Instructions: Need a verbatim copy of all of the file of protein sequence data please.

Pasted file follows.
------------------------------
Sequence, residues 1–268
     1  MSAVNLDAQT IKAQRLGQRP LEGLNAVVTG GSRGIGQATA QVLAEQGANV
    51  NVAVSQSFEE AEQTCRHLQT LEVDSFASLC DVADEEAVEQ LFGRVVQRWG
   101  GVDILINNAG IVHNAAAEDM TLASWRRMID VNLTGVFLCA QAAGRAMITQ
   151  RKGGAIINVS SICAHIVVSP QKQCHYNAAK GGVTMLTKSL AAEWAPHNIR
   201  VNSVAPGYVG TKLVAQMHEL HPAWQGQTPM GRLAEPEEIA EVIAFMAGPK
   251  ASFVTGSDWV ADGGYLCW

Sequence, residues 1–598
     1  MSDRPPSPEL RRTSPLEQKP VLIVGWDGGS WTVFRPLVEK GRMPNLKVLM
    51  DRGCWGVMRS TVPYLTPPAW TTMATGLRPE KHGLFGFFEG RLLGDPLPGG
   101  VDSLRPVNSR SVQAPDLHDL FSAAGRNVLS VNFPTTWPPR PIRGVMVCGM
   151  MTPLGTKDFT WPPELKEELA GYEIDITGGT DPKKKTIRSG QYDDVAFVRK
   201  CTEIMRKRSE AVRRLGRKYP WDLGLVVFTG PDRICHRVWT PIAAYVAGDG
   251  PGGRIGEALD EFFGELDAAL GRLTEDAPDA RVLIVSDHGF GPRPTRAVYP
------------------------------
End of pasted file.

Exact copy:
Sequence, residues 1–268
     1  MSAVNLDAQT IKAQRLGQRP LEGLNAVVTG GSRGIGQATA QVLAEQGANV
    51  NVAVSQSFEE AEQTCRHLQT LEVDSFASLC DVADEEAVEQ LFGRVVQRWG
   101  GVDILINNAG IVHNAAAEDM TLASWRRMID VNLTGVFLCA QAAGRAMITQ
   151  RKGGAIINVS SICAHIVVSP QKQCHYNAAK GGVTMLTKSL AAEWAPHNIR
   201  VNSVAPGYVG TKLVAQMHEL HPAWQGQTPM GRLAEPEEIA EVIAFMAGPK
   251  ASFVTGSDWV ADGGYLCW

Sequence, residues 1–598
     1  MSDRPPSPEL RRTSPLEQKP VLIVGWDGGS WTVFRPLVEK GRMPNLKVLM
    51  DRGCWGVMRS TVPYLTPPAW TTMATGLRPE KHGLFGFFEG RLLGDPLPGG
   101  VDSLRPVNSR SVQAPDLHDL FSAAGRNVLS VNFPTTWPPR PIRGVMVCGM
   151  MTPLGTKDFT WPPELKEELA GYEIDITGGT DPKKKTIRSG QYDDVAFVRK
   201  CTEIMRKRSE AVRRLGRKYP WDLGLVVFTG PDRICHRVWT PIAAYVAGDG
   251  PGGRIGEALD EFFGELDAAL GRLTEDAPDA RVLIVSDHGF GPRPTRAVYP